Media Advisory

Wednesday, April 4, 2012

A new MCAT for tomorrow’s physician

Building a better physician through behavioral and social sciences.


The Case for the New Medical College Admission Test: Why the MCAT must reflect physicians’ current public health challenges. A Perspective in The New England Journal of Medicine.


The authors, Drs. Robert M. Kaplan, NIH; Jason M. Satterfield, University of California, San Francisco; and Raynard S. Kington, Grinnell College, support the new MCAT. They are available to discuss:

  • Why do future physicians need to understand patients' social, environmental, personal characteristics and complex health care systems, as well as their biology?
  • Why must future physicians understand the ways in which culture and social differences influence well-being?
  • Why do future physicians need to consider socio-economic factors in access to health care?
  • How will the section on behavioral and social sciences, capture preparedness in these areas among medical school applications?
  • How will the new MCAT affect the undergraduate school curriculum? Will it affect the curriculum in medical schools?


Half of all premature deaths in the U.S. can be attributed to a few modifiable behaviors such as smoking, poor diet, and physical inactivity. Knowledge about behavioral and social sciences is critical to practicing effective medicine, as studies demonstrate the value of cognitive and behavioral interventions in treating mental illness, substance abuse and chronic diseases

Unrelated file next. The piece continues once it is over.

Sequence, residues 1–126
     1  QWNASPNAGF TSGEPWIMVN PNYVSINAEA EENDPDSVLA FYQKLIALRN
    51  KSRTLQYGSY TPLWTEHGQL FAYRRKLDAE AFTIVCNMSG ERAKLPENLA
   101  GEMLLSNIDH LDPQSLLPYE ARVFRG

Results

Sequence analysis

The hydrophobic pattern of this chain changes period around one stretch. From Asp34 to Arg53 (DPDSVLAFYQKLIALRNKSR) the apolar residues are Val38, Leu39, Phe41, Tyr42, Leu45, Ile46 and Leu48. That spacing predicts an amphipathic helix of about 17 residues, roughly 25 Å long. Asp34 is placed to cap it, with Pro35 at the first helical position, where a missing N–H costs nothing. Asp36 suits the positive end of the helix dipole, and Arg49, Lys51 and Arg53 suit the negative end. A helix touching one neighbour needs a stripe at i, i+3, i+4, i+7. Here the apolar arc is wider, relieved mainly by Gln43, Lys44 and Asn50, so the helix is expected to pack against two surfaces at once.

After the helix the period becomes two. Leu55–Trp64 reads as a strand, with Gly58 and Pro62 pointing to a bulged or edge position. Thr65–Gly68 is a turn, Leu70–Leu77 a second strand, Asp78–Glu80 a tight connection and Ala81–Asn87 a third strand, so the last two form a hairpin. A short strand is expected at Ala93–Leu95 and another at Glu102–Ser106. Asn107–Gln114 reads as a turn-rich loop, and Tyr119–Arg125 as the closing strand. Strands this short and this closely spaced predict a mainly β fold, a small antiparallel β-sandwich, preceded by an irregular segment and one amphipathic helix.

The New England Journal of Medicine, April 5, 2012.


For interviews with:
Dr. Robert M. Kaplan, NIH, contact Ann Benner.
Dr. Raynard Kington, Grinnell, contact Jim Reische, (641) 269-3404 or
Dr. Satterfield, UCSF School of Medicine, contact

The Office of Behavioral and Social Sciences Research (OBSSR) opened officially on July 1, 1995. The U.S. Congress established the Office of Behavioral and Social Sciences Research (OBSSR) in the Office of the Director, NIH, in recognition of the key role that behavioral and social factors often play in illness and health. The OBSSR mission is to stimulate behavioral and social sciences research throughout NIH and to integrate these improving our understanding, treatment, and prevention of disease. For more information, please visit

About the National Institutes of Health (NIH): NIH, the nation's medical research agency, includes 27 Institutes and Centers and is a component of the U.S. Department of Health and Human Services. NIH is the primary federal agency conducting and supporting basic, clinical, and translational medical research, and is investigating the causes, treatments, and cures for both common and rare diseases. For more information about NIH and its programs, visit

NIH…Turning Discovery Into Health®